Summary: Following Christ means following him to the cross.

There are basically two kinds of sermons on the Christian life. The first type of sermon views the Christian life as a kind of puzzle to be solved, with the message going something like this: Life is full of hardships, and frustrations, and obstacles. But if you do this one thing; if you understand this “one weird trick” (whatever that may be), then you can unlock the secret to living a victorious Christian life. That secret may be any number of things: prayer, or tithing, or fasting, or regular devotions, or Bible reading, or “name it and claim it”, but the gist of this kind of sermon is that once you put into practice whatever it is that’s being promoted on that particular Sunday, your life as a follower of Jesus Christ will be simpler, and easier, and more fulfilling. Obstacles will fall away. Frustrations will vanish. The life of faith will be transformed into a daily adventure filled with joy and delight. I’m exaggerating, but you get the idea. The theme of this kind of sermon is that if your life as a Christian is hard, or frustrating, or less than fulfilling, then you’re doing it wrong. That’s the first kind of sermon on the Christian life. It’s very popular.

The second kind of sermon is different. This kind of sermon says that life isn’t hard because you’re doing it wrong. Life has been hard ever since Adam and Eve bit into that apple. Our lives on this earth are often painful and disappointing. We go through times when just making it through the day requires all of our willpower, and joy is hard to come by. Things often don’t work the way they should. People don’t keep their promises. The promotion you worked for never comes. The lab results come back and they’re not good. Your family is in conflict. Or maybe nothing’s really that bad, but you just feel vaguely dissatisfied, and impatient for something better. And that’s life. That’s reality. As Westley, aka the Dread Pirate Roberts, says to Buttercup in The Princess Bride, “Life is Pain, highness. Anyone who says differently is selling something.”

But this life isn’t the whole story. In fact, it isn’t even most of the story. There is much more to come, an eternity to come, once we “shuffle off this mortal coil”. And in the meantime, our faith can help to sustain us in a world that ranges from very bad, to not so great, to just OK, to pretty good. In the end, if we continue to trust God, and listen, and follow, we will find that it was all worth it. That’s the hope and the promise. Every choice to continue believing, every choice to continue obeying, every choice to continue persevering in the midst of whatever circumstances we find ourselves, in the midst of whatever mental and emotional state we find ourselves in – every act of faithfulness will be rewarded. And someday not so far from now we will look back on all of this; all the toil, and suffering, and heartache, mixed with joy, and gladness, and times of refreshment, and we will testify that it was all worth it, every bit of it. The good and the bad, the happy and the sad.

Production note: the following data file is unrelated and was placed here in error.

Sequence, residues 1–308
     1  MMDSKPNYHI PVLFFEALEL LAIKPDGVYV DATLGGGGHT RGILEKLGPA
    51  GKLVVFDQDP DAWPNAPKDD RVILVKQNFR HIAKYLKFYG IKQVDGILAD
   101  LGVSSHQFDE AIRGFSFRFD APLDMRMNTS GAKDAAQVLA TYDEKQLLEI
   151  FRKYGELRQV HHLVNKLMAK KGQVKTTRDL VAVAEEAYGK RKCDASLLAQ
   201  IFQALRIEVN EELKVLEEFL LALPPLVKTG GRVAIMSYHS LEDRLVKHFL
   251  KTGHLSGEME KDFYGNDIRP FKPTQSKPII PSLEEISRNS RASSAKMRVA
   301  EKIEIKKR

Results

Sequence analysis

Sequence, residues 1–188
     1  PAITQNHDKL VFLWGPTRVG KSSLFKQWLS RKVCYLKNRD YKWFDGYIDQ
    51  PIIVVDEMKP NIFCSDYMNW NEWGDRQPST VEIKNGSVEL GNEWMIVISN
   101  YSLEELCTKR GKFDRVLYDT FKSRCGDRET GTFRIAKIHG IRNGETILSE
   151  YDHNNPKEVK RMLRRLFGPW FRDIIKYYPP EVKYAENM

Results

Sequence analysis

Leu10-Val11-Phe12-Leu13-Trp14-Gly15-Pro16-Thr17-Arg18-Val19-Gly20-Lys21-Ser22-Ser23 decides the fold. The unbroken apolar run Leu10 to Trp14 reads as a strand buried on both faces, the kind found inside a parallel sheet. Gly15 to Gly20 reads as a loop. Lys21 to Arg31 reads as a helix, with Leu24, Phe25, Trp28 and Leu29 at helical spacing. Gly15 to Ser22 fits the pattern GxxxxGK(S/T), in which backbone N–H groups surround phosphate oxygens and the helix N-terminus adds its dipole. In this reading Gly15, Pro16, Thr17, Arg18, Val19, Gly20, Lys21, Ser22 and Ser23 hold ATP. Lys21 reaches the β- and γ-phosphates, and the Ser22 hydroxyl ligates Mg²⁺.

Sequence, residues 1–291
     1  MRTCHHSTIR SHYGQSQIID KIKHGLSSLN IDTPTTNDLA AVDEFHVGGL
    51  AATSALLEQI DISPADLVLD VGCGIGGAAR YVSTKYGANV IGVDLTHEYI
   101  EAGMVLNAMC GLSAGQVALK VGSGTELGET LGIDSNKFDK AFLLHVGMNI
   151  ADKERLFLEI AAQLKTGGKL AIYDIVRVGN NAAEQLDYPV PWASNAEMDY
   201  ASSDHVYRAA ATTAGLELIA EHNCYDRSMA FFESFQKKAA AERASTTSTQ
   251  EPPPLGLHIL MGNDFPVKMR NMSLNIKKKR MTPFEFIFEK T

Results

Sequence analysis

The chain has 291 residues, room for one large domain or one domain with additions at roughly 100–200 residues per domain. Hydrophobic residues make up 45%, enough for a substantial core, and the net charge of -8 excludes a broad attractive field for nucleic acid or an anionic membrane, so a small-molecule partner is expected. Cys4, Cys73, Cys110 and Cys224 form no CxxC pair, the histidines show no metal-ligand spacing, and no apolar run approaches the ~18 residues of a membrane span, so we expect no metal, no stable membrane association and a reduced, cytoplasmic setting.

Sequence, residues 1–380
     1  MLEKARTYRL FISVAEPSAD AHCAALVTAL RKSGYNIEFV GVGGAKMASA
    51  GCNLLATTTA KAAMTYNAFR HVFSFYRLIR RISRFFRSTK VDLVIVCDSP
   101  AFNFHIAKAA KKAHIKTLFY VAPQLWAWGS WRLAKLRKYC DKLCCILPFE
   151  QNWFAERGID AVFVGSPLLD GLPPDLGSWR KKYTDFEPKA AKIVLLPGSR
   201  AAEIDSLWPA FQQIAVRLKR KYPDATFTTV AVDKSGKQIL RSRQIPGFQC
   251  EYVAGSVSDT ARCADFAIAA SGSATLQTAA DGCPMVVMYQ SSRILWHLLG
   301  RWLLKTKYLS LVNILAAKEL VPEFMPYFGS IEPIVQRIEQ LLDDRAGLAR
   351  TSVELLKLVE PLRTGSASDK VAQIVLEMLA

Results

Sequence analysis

That’s the second kind of sermon on the Christian life. That one’s not quite as popular. But that is the kind you will hear this morning. I really don’t have any choice. Because at the core of today’s Bible passage are Jesus’ recognition that he is about to die, and his teaching that we, like him, must embrace death, to the point even of “hating” our life in this world.

“23 Jesus replied, “The hour has come for the Son of Man to be glorified. 24 Very truly I tell you, unless a kernel of wheat falls to the ground and dies, it remains only a single seed. But if it dies, it produces many seeds. 25 Anyone who loves their life will lose it, while anyone who hates their life in this world will keep it for eternal life. 26 Whoever serves me must follow me; and where I am, my servant also will be. My Father will honor the one who serves me.” – John 12:23-26

It’s hard to spin that into a sermon on having Your Best Life Now.

Please don’t misunderstand me. There is real value in things like prayer, and tithing, and regular devotions, and Bible reading. Our faith does bring a measure of joy and peace. Christianity does relieve us of many burdens, burdens that God never intended us to bear. The burden of guilt. The burden of shame. The burden of fear of death. The burden of thinking that we have to earn God’s acceptance by doing good things, and thinking good thoughts, and saying good words – which often translates into trying to please all the people around us, an effort which is doomed to fail. Faith in Christ does relieve us of many burdens. There are real benefits in this life to following Christ. But we can’t escape the fact that following Christ means following him in a journey to the cross.

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Shawn Alexander

commented on Mar 20, 2021

Sums it up! Thank you

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